Most states and many local governments require home sellers to disclose certain facts about their homes to potential buyers. The exact requirements differ from place to place, but they usually involve structural issues, defects and environmental factors that may be of concern to buyers and their insurers.
California has many such requirements. In part, this is due to California having natural hazards many states do not, and it has many required disclosures. In this blog post, we’ll take a look at some of these requirements.
Natural hazards disclosure
Most transfers of real estate in California require disclosures about:
- Flooding: If they know that the property sits in an area designated by the Federal Emergency Management Agency, sellers (or their agents) must disclose this information. Likewise, they must disclose if the property is in an area that could be flooded if a dam fails. Local governments typically keep records of areas that are expected to be affected in the event that a dam fails.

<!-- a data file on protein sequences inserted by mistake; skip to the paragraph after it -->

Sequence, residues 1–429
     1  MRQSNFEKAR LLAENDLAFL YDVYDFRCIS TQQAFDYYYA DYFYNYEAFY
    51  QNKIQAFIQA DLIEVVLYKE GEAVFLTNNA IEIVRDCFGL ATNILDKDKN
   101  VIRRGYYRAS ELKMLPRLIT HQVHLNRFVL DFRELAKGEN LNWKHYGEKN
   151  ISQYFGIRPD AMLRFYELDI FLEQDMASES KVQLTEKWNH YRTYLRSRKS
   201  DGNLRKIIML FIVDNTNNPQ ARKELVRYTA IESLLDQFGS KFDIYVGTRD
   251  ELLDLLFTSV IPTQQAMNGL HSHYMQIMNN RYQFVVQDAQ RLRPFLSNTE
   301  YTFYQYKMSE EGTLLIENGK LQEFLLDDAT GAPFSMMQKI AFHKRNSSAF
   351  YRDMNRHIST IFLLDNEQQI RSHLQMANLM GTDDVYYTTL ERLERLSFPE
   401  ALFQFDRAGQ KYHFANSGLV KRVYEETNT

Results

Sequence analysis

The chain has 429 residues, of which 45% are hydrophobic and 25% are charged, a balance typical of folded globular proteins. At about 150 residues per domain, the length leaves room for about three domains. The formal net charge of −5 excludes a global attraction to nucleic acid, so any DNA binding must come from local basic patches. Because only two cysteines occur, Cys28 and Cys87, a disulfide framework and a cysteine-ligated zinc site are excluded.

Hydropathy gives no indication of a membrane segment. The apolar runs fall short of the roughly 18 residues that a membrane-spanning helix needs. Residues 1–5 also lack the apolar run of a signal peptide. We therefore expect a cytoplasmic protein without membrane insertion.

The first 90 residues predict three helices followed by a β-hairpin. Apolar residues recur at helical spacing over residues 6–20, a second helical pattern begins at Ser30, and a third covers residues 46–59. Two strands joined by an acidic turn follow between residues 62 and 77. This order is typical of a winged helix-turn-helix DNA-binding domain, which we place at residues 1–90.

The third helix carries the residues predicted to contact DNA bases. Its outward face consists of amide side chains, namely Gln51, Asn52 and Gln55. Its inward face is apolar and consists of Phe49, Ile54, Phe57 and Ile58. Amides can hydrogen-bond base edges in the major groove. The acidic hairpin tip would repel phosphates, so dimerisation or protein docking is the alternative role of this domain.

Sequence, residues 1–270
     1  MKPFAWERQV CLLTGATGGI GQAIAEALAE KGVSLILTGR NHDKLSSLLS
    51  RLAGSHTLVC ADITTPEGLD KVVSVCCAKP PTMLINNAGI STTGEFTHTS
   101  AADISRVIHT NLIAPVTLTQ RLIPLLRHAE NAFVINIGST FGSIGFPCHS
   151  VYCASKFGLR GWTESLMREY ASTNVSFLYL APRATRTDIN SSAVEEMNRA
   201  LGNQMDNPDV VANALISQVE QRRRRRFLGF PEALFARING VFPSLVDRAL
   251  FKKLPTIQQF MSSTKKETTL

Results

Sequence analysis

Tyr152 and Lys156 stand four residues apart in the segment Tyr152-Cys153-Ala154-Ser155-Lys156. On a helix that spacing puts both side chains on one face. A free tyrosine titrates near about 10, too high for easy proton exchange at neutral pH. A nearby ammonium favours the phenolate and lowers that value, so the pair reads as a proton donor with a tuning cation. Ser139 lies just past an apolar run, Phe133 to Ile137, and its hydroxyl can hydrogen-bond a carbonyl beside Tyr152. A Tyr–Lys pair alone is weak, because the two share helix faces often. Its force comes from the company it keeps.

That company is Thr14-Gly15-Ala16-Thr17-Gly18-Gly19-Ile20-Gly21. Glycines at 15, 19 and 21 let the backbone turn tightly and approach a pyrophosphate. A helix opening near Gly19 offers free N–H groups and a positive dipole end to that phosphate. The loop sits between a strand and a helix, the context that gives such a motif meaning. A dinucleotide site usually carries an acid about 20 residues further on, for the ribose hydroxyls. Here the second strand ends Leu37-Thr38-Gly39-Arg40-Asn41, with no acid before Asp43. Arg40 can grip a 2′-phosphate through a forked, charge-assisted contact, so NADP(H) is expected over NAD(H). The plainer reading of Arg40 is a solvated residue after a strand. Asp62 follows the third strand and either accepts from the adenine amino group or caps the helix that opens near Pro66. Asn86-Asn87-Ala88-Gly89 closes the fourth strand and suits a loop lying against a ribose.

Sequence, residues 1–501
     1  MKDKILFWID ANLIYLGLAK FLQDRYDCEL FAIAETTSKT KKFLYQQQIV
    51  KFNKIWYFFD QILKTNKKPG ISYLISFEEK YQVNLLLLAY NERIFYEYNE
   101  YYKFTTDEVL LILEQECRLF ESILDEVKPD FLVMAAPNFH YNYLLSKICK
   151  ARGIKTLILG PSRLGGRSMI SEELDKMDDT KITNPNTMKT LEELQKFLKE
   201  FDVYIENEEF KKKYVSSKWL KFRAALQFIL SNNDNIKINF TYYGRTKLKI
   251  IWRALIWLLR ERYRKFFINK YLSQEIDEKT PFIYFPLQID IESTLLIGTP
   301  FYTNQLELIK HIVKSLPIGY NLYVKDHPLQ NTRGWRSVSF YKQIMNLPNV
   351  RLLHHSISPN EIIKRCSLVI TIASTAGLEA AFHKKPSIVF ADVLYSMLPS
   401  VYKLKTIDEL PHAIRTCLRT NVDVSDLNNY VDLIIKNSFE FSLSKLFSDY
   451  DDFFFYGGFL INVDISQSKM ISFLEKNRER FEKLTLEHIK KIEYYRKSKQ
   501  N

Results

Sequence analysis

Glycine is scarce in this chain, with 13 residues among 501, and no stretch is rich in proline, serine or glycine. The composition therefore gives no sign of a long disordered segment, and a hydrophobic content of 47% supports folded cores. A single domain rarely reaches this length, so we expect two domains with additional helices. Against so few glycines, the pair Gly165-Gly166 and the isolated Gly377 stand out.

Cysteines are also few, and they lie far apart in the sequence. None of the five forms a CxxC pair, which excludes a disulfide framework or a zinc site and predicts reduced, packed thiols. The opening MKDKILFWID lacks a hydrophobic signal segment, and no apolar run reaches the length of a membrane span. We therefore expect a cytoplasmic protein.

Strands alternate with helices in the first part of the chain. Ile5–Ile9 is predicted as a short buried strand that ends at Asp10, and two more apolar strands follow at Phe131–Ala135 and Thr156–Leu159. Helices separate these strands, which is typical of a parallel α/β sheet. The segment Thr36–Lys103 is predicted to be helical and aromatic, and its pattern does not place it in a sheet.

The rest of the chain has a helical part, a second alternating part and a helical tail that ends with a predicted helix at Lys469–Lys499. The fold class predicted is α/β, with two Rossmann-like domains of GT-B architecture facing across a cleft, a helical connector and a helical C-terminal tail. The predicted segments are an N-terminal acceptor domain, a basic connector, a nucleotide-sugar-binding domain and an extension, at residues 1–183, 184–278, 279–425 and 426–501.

- Severe fire hazard: If the seller or their agent knows that the area has been designated as a very high fire hazard severity zone, they must disclose this information. This has, unfortunately, been an important issue in recent years in our state.
- Earthquake hazards: Nearly all of California faces potential earthquake hazards, but the hazards are greater in fault zones. These areas are about a quarter-mile wide and surround areas of known seismic fault activity. If a seller or their agent knows that the property lies in one of these zones, they must disclose this information to the buyer. This information may be available at county agency offices. Likewise, county agencies typically keep information about so-called seismic hazard zones, which refers to areas prone to severe shaking or landslides in the event of an earthquake. Sellers or their agents must disclose any knowledge they have about these hazards.
The above are just some of the required disclosures. It’s important to note that California law is strict about natural hazard disclosures, and that sellers can be held liable for the buyer’s damages. Sellers who are unsure about their obligations under these laws can consult with experienced professionals to learn more.